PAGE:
Gasoline prices have risen more than 13% during the past month, and the chance that the average price per gallon nationwide could reach $4.00 has become a real threat again. AAA’s Fuel Gauge statistics show that the average reached $3.73 over the Presidents’ Day weekend.
A national view of the numbers only tells a portion of the story. In some states, the average price per gallon has moved above $4.00, and several others they are very close to that benchmark. Nearly a third of the U.S. population lives in a state where gas prices are within ten cents of the $4.00 mark or higher. 24/7 Wall St. reviewed the six states (and D.C.) with the highest gas prices.
Economists constantly debate the effects that gas prices have on consumer spending on other items, in addition to what people have to pay for their homes, cars, food and clothing. For people without cars, it is easy to measure. For people who need to commute to work, drive children to school, and shop regularly, the difference between gas at $3.30 and gas close to $4.00 could be several hundred dollars a year. That can be a substantial burden for a family, with the U.S. median household income of just over $50,000 — before taxes.
Overall, gas prices tend to be driven by oil prices, the distance that a state is from refineries, refinery activity, and, as much as anything else, state gas taxes. Oil prices have risen by about $10 in the past month, and were back near $100 a barrel earlier this month. The price has not been that high since September. Some of the increase in price can be attributed to the improving economies of the developing world, particularly China. Other reasons include ongoing tension in the Middle East.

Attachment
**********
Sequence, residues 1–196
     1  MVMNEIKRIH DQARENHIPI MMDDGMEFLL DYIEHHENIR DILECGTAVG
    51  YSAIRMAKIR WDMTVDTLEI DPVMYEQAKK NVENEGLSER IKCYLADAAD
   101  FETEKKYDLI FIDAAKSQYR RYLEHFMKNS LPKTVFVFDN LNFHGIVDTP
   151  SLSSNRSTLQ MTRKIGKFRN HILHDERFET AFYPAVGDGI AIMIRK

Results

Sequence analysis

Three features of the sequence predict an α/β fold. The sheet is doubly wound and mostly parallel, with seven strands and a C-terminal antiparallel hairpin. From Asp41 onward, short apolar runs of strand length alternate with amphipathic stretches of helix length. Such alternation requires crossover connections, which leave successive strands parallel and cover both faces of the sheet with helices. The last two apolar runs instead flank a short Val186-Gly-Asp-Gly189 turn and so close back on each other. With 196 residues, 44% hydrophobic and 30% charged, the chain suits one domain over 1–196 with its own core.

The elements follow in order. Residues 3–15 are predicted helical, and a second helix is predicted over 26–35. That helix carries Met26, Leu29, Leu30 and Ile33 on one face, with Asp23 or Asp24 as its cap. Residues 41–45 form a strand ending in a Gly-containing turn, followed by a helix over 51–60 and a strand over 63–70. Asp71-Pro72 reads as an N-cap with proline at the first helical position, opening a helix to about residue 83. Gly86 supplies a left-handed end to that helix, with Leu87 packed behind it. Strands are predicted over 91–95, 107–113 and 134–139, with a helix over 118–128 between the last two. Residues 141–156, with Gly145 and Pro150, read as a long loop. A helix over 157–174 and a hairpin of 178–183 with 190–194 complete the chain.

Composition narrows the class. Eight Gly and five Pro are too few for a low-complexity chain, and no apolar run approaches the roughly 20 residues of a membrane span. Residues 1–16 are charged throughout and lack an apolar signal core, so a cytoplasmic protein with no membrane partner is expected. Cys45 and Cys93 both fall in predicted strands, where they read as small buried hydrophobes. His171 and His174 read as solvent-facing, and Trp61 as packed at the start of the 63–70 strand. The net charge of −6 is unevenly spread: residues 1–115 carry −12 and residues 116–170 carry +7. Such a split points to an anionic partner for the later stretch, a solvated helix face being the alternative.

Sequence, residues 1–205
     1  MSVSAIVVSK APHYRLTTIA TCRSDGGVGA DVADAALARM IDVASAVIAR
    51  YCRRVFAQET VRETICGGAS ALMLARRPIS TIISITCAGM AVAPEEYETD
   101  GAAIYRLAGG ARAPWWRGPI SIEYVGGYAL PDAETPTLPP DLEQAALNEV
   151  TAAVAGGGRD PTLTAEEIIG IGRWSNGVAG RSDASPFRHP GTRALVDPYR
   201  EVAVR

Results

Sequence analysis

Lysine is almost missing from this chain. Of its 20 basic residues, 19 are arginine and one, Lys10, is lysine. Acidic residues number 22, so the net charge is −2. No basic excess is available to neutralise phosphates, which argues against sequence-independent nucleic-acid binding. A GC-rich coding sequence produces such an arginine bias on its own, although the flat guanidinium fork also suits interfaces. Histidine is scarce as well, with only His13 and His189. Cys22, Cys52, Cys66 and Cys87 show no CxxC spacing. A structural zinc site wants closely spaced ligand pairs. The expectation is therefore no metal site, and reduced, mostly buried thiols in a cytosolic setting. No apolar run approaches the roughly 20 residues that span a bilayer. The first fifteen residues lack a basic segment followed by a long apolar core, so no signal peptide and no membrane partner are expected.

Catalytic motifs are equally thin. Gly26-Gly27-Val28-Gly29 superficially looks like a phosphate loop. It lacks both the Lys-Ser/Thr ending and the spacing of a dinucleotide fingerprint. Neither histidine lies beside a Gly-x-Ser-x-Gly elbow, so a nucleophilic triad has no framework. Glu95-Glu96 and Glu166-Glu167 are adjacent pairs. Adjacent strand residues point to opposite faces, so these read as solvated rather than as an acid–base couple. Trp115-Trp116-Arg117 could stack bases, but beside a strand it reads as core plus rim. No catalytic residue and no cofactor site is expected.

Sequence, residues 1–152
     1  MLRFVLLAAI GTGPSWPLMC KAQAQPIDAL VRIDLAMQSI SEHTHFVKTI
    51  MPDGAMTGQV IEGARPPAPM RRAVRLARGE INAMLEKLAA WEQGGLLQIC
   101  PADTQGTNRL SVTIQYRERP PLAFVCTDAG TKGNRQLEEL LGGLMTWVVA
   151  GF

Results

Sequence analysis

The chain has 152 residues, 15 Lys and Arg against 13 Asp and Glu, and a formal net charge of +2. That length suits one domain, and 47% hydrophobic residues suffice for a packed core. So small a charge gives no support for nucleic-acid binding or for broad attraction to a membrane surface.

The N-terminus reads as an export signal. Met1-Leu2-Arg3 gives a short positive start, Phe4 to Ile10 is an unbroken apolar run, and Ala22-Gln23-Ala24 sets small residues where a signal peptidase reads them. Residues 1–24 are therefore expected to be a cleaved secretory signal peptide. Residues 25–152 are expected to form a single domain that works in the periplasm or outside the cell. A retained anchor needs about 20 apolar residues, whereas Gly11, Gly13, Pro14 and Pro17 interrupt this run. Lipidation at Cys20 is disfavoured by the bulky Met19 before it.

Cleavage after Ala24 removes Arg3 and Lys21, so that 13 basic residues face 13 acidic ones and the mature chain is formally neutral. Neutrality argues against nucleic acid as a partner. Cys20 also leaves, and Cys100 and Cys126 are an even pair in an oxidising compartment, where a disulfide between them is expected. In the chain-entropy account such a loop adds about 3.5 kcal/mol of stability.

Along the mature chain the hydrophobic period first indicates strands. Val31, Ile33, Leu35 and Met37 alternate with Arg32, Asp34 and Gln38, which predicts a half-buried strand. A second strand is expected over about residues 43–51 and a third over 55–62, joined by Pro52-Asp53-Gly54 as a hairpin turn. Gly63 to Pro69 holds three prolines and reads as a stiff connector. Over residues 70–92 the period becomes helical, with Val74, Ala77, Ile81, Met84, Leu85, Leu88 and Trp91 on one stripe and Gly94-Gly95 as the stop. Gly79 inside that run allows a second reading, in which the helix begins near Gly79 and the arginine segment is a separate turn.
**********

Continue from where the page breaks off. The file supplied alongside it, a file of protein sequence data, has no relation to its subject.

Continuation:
Other than crude oil prices, refinery locations also appear to have a direct relationship to gas prices. There are 144 operable oil refineries in the United States, producing more than 17 million barrels of oil each day. Many of the states with the lowest gas prices are located in or near states with substantial refining capacity relative to population. Wyoming and Montana, which have the lowest gas prices in the country, have extremely high oil production relative to the size of their populations. In high-price states, production is often either nonexistent or very low relative to population size.
High gas taxes also tend to drive up prices at the pump. States such as Wyoming, Arizona and New Mexico — all of which have among the cheapest gas prices — have total taxes on gas of less than 20 cents per gallon. Among the 10 states with the highest gas prices, all but one has at least a 20-cent tax per gallon, and several are more than double that. California, which has the second highest cost of fuel per gallon, has a tax of more than 50 cents per gallon.
To review the states with sky–high gas prices, 24/7 Wall St. looked at current prices based on AAA data. To access the impact on the total population, we looked at 2011 Census data by state. We also reviewed the U.S. Energy Information Administration’s 2012 Refinery Capacity Report, which breaks out production by state based on barrels produced per calendar day. Finally, we looked at gas tax per state figures from the U.S. Tax Foundation.
These are the seven states with sky-high gas prices.